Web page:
The analysis of participant recruitment and retention data from the WASH study should be interpreted within the context of certain limitations. First, large-scale, fully remote data collection started close to the declaration of the COVID-19 pandemic in the United States, which is known to have changed our behavior and interaction with technology and devices [74]. Indeed, Inverso et al [75] showed higher engagement rates during the COVID-19 pandemic because of an increased reliance on technology during the lockdown. The WASH study began recruitment on March 15, 2020, shortly after the World Health Organization declared COVID-19 a pandemic on March 11, 2020. Therefore, we did not have pre-post pandemic data to account for the potential impact of the pandemic on participant engagement with technology and devices. Second, the original purpose of the WASH study was to use the study app to detect cold and influenza symptoms. Thus, participants were not randomized among different recruitment platforms, incentive distribution frequency, and timing of baseline surveys that varied between phases 1 and 2 of the study. Consequently, our findings are not causal or linked to the impact of 1 factor on participant recruitment and retention between phases. For example, this analysis compares the population characteristics of those recruited from web-based crowdsourcing platforms (phase 2) compared with participants enrolling based on social media and local advertisements (open enrollment phase 1) as a whole. We were not able to explore within-phase recruitment differences; that is, between those recruited from social media versus those recruited from local news media advertisements. This is mainly because of the limited information available in the study data, which does not allow for such differences to be investigated. Further research studies using a randomized design are needed to investigate the impact of individual changes in recruitment and retention strategies and their effectiveness for use in decentralized research. Third, we could not control for the participants’ previous experience in crowdsourcing platforms and research tasks, which can be a confounder [41] depending on the nature of the assessment. Future research studies should assess participants’ prior participation in similar or other research studies to assess any differential impact on primary outcomes. Fourth, in phase 1, participant recruitment via press releases was centered in the Greater Seattle area, which may not be representative of the population of the United States. In addition, because of the high proportion of missingness in the baseline geolocation data, we could not determine the geospatial representativeness of the cohort. Future studies should prioritize collecting high-level geolocation data, such as the state, city, or zip code, to help assess the geospatial representativeness of the study cohort. Fifth, we could not account for all the underlying within-study differences in the outcomes; for instance, the probable technical glitches concerning the steep drop in participant engagement at the participant level on day 36 in phase 1 and fluctuations in sensor data collection or management in phase 2 (Multimedia Appendix 9). These technical issues could have impacted the participants’ willingness to remain engaged and increased the perceived burden of participants who were active in the study at the time of technical glitches. Sixth, despite our filtering out bad actors, some could still have been successfully enrolled by creating multiple accounts or using multiple devices. We suggest that future digital health research studies specifically report and compare the impact of different temporal recruitment and incentive strategies on enrolled cohorts’ characteristics and engagement metrics as well as fraudulent enrollments to allow for future replication and the establishment of a set of guidelines for successful methods of participant recruitment and retention.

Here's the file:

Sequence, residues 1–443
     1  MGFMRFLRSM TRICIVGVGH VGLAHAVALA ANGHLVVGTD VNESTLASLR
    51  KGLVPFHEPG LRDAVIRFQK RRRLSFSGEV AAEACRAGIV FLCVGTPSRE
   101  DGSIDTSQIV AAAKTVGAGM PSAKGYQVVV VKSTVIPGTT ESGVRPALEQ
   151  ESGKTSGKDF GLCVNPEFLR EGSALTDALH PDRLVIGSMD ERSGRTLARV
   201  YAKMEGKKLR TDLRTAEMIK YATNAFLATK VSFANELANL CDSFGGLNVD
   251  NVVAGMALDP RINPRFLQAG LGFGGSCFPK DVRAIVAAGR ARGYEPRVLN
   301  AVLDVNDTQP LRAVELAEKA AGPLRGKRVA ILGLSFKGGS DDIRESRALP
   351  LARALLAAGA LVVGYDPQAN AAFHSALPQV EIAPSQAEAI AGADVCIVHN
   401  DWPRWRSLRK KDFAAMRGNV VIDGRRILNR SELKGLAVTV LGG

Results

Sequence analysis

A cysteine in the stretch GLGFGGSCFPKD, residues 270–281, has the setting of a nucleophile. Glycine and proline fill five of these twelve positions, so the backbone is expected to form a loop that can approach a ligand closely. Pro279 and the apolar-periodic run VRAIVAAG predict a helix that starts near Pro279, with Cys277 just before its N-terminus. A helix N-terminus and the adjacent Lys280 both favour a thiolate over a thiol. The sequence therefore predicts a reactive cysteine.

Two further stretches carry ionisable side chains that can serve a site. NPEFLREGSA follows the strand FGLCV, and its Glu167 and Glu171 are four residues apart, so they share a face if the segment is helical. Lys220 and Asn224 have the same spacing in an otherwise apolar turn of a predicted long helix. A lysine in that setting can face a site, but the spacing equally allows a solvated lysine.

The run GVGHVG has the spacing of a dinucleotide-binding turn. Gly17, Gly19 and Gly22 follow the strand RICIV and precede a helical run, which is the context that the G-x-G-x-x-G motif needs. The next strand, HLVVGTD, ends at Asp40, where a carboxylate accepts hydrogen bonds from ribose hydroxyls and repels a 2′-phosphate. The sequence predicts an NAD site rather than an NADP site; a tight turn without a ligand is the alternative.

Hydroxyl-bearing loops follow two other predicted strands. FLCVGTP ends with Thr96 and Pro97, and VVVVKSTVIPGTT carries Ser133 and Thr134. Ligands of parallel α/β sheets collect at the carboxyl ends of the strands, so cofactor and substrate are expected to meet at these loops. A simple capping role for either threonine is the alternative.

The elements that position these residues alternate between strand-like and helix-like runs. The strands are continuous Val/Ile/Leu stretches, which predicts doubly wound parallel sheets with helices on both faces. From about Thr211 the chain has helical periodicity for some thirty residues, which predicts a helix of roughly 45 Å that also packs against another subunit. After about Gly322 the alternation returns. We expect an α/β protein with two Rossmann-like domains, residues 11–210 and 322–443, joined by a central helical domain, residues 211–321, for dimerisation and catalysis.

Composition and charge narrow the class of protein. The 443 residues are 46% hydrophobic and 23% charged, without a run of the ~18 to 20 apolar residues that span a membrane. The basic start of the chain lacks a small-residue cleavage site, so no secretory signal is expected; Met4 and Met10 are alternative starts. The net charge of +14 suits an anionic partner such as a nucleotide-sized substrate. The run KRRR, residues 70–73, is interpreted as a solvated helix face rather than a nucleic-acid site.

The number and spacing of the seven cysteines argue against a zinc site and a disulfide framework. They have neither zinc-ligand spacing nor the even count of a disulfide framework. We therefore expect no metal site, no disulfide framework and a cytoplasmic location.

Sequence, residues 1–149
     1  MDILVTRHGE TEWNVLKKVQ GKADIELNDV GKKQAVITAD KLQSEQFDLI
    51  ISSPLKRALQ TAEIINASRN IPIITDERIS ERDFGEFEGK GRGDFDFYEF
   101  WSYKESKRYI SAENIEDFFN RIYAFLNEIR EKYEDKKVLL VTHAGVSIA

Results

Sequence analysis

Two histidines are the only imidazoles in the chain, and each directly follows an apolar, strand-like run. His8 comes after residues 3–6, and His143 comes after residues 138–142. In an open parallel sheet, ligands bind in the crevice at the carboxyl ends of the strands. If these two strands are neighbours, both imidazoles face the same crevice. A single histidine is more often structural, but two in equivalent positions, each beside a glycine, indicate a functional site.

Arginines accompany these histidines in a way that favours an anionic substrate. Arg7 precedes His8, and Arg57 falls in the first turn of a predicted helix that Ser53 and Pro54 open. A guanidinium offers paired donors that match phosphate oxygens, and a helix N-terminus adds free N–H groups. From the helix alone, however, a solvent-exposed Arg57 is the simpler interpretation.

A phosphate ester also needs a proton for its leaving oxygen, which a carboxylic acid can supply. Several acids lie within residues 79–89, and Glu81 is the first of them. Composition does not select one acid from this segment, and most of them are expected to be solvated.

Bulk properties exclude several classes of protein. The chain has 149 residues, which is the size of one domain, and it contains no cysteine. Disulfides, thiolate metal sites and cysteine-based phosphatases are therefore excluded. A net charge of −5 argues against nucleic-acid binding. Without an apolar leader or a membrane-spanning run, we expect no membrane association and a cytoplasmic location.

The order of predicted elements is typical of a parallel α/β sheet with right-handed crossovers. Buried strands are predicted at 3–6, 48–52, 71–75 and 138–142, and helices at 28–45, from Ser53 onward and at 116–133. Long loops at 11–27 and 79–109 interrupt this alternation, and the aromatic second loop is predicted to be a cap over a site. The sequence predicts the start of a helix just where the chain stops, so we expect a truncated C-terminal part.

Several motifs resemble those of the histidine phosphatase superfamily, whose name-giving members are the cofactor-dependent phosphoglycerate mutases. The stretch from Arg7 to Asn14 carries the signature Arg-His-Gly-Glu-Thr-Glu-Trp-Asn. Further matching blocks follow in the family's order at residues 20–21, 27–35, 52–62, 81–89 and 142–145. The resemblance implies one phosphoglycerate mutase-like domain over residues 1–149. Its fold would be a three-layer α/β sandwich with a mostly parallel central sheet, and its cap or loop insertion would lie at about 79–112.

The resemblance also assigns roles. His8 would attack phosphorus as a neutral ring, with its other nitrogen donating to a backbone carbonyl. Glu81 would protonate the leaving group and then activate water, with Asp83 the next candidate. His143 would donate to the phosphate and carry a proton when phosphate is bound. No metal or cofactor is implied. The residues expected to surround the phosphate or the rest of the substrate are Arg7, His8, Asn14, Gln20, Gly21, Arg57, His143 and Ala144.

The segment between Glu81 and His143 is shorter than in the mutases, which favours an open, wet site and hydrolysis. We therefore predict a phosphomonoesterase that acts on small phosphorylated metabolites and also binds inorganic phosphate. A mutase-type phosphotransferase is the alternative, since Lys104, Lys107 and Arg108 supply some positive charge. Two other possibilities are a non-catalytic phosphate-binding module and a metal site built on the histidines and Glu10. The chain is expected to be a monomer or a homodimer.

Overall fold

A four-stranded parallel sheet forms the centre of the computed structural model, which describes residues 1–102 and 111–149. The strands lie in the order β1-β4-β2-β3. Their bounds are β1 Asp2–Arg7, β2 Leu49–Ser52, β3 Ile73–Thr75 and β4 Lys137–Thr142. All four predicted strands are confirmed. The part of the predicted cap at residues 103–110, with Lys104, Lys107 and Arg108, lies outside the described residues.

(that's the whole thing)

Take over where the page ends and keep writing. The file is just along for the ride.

The data from this study were funded by the SC1712603 Warfighter Analytics Using Smartphones for Health (principal investigator: Bracken). This material is based on work supported by the United States Air Force and the Defense Advanced Research Projects Agency under contract FA8750-18-C-0056, titled “Health and Injury Prediction and Prevention Over Complex Reasoning and Analytic Techniques Integrated on a Cellphone App (HIPPOCRATIC App).” The views, opinions, and findings expressed are those of the author and should not be interpreted as representing the official views or policies of the Department of Defense or the United States Government.